COVID Cases Rise by 10 Percent Worldwide, 3 Percent Increase in Deaths in Last Week: WHO

Hopes for summer fun are beginning to appear thwarted again following a Wednesday report from the World Health Organization (WHO) that said COVID-19 deaths are on the rise after a nine-week streak of declines, with more than 55,000 people globally succumbing to the virus, the Associated Press reported.

That's a 3 percent increase as cases shot up by 10 percent, or 3 million, according to the WHO.

The U.N. health agency said in its weekly report that the highest numbers of new cases were in Brazil, India, Indonesia and Britain. The more-contagious Delta variant has reached 111 countries since its detection in India, the WHO said, and is expected to become globally dominant in the coming months.

While acknowledging the "considerable pressure" for countries to lift COVID-19 restrictions, WHO advised that a lack of caution will only perpetuate the spread of the virus.

For more reporting from the Associated Press, see below.

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Patients suffering with COVID-19 are treated in a tent outside a hospital in Bekasi, Indonesia, on July 14, 2021. The World Health Organization said COVID-19 deaths are on the rise after a nine-week streak of declines. REZAS/AFP/Getty Images

Amid the surge, the overall death toll in hard-hit Argentina neared 100,000. Daily coronavirus deaths in Russia hit record highs this week. In Belgium, COVID-19 infections, driven by the delta variant among the young, have almost doubled over the past week. Britain recorded a one-day total of more than 40,000 new cases for the first time in six months.

In the U.S., with one of the highest vaccination rates in the world, newly confirmed infections per day have doubled over the past two weeks to an average of about 24,000, though deaths are still on a downward trajectory at around 260 a day.

Los Angeles County, the most populous county in the U.S., reported its fifth straight day Tuesday of more than 1,000 new cases.

Tokyo is under a fourth state of emergency ahead of the Summer Games this month. Experts have said caseloads could rise above 1,000 before the Olympics and multiply to thousands during the Games.

The spike has led to additional restrictions in places like Sydney, Australia, where the 5 million residents will remain in lockdown through at least the end of July, two weeks longer than planned. South Korea has placed its capital region under its toughest distancing rules yet because of record case levels.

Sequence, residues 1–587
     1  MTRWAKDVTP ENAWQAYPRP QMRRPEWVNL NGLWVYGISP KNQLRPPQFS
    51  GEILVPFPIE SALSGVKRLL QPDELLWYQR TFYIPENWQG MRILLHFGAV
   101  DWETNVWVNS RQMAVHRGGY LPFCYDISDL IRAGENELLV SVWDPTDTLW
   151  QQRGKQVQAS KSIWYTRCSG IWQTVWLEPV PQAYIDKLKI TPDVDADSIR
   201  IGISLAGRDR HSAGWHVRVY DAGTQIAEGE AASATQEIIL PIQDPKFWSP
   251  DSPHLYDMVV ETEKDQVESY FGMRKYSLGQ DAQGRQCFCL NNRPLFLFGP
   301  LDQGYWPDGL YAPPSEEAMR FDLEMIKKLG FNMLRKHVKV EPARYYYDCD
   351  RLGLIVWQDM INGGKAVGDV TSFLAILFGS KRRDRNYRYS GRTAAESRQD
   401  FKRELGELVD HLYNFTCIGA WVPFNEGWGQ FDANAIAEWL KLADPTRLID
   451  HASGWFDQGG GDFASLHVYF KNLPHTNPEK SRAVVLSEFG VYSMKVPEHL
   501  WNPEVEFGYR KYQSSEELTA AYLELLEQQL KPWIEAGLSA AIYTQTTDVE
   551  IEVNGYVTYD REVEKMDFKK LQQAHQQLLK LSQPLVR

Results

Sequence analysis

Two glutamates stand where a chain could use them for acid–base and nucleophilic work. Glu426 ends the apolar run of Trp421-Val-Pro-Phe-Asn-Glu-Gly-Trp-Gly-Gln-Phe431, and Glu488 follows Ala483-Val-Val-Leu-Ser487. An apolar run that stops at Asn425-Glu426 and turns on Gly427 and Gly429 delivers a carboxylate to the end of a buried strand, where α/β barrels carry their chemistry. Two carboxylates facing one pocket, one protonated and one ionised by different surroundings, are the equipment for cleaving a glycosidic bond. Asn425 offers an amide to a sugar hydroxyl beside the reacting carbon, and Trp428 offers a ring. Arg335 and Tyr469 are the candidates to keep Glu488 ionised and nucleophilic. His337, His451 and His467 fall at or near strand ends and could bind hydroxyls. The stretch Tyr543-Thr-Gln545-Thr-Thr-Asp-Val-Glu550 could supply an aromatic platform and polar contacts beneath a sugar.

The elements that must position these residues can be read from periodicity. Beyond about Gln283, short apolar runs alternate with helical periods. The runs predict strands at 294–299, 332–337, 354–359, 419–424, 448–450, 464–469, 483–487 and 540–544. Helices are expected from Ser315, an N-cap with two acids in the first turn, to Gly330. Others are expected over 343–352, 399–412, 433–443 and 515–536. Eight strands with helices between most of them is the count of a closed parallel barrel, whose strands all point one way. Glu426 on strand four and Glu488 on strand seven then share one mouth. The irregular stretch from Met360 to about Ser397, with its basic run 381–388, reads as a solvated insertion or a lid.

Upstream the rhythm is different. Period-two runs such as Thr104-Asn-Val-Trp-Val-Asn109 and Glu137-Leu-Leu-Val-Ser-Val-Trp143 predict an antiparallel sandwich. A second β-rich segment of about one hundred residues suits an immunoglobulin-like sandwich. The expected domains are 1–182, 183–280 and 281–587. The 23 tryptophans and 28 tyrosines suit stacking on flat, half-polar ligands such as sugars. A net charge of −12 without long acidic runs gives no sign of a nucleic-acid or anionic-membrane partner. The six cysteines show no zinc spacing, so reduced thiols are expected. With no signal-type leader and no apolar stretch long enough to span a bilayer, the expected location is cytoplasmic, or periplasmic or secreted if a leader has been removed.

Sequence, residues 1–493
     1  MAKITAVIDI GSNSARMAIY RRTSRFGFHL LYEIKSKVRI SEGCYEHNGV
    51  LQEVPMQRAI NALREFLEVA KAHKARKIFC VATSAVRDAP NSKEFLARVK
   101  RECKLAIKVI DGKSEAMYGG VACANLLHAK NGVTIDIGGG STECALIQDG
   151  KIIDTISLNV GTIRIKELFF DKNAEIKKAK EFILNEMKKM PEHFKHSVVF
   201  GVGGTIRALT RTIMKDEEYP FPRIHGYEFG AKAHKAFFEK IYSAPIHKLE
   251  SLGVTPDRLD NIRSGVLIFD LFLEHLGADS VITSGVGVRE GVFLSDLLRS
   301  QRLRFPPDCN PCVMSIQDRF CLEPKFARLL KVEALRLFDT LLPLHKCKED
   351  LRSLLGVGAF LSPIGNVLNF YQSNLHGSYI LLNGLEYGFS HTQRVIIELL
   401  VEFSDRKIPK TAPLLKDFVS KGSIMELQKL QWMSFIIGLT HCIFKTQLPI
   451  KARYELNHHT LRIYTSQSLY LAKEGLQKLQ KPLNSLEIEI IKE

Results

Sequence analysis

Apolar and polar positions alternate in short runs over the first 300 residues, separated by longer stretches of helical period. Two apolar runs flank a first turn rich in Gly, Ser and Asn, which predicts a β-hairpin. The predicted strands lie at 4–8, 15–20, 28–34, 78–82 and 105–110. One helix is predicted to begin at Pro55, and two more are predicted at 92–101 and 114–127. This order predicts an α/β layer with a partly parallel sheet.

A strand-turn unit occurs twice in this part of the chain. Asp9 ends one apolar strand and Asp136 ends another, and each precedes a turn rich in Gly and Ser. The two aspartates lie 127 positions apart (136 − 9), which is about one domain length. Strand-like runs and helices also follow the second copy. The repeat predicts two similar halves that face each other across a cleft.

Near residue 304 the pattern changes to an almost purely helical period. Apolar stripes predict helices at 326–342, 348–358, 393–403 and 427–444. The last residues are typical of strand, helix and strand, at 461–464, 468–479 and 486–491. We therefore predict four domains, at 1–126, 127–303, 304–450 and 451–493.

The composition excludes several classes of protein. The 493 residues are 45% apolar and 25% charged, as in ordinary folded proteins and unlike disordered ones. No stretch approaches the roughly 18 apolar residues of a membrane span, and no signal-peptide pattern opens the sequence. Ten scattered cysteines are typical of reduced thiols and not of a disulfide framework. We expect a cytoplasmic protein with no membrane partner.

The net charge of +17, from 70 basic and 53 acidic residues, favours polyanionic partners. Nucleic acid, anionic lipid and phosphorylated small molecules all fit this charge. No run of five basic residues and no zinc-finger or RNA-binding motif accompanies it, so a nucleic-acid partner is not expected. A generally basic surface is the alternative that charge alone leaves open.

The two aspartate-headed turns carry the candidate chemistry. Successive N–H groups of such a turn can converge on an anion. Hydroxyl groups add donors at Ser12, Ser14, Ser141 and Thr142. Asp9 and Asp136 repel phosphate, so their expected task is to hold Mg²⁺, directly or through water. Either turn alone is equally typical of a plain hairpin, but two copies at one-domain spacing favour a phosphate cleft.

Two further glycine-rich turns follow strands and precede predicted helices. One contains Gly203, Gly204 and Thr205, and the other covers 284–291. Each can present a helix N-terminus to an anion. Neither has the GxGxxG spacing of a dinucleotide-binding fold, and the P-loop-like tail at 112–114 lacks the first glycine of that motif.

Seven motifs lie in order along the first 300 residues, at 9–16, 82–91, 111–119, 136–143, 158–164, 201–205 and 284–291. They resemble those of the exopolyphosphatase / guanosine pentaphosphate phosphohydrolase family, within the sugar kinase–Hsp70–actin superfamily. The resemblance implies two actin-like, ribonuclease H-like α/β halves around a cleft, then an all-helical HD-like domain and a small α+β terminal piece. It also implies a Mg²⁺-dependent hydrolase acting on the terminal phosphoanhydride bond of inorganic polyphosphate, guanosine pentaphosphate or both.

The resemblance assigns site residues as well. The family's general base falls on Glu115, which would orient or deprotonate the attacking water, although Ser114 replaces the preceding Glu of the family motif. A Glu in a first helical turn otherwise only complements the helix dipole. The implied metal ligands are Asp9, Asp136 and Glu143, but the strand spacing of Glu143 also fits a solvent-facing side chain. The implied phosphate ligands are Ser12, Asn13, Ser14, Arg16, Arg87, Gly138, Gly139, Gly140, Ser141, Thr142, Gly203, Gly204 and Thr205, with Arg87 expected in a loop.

Chicago officials announced Tuesday that unvaccinated travelers from Missouri and Arkansas must either quarantine for 10 days or have a negative COVID-19 test.

London Mayor Sadiq Khan asked that riders on buses and trains be required to wear masks even after other restrictions in England are lifted next week.

In the U.S., pressure is growing to boost vaccinations to counter the rise. Eighteen-year-old actress and singer Olivia Rodrigo planned to meet with President Joe Biden and Dr. Anthony Fauci on Wednesday in a bid to persuade young adults to get their shots.

Nearly 160 million Americans have been fully vaccinated, or over 55 percent of the population, but young adults have shown less interest.

Ohio plans to announce another prize program to boost its vaccination rate, and Governor Mike DeWine urged the government to give the vaccines full approval instead of just emergency authorization to ease people's doubts.

"That will help us, in Ohio and across the country, to get more people vaccinated," he said.

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The World Health Organization said COVID-19 deaths are on the rise after a nine-week streak of declines. Above, workers in protective gear lower a coffin of a COVID-19 victim to a grave for burial at the Cipenjo Cemetery in Bogor, West Java, Indonesia, on July 14, 2021. The world's fourth-most-populous country has been hit hard by an explosion of COVID-19 cases that has strained hospitals on the main island of Java. Achmad Ibrahim/AP Photo